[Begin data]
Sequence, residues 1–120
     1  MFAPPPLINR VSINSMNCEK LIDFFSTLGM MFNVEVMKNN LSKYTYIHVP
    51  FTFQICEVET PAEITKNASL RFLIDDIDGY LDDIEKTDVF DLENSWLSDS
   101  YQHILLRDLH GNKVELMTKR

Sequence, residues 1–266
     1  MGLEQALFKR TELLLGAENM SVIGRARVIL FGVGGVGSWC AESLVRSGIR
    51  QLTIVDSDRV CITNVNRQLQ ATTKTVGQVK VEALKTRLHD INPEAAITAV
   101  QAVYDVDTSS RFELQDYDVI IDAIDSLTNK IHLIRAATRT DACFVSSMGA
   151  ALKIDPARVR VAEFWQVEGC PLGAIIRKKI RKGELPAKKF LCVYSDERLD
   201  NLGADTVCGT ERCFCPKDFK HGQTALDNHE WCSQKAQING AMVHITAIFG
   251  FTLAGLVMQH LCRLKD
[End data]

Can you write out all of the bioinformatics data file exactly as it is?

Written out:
Sequence, residues 1–120
     1  MFAPPPLINR VSINSMNCEK LIDFFSTLGM MFNVEVMKNN LSKYTYIHVP
    51  FTFQICEVET PAEITKNASL RFLIDDIDGY LDDIEKTDVF DLENSWLSDS
   101  YQHILLRDLH GNKVELMTKR

Sequence, residues 1–266
     1  MGLEQALFKR TELLLGAENM SVIGRARVIL FGVGGVGSWC AESLVRSGIR
    51  QLTIVDSDRV CITNVNRQLQ ATTKTVGQVK VEALKTRLHD INPEAAITAV
   101  QAVYDVDTSS RFELQDYDVI IDAIDSLTNK IHLIRAATRT DACFVSSMGA
   151  ALKIDPARVR VAEFWQVEGC PLGAIIRKKI RKGELPAKKF LCVYSDERLD
   201  NLGADTVCGT ERCFCPKDFK HGQTALDNHE WCSQKAQING AMVHITAIFG
   251  FTLAGLVMQH LCRLKD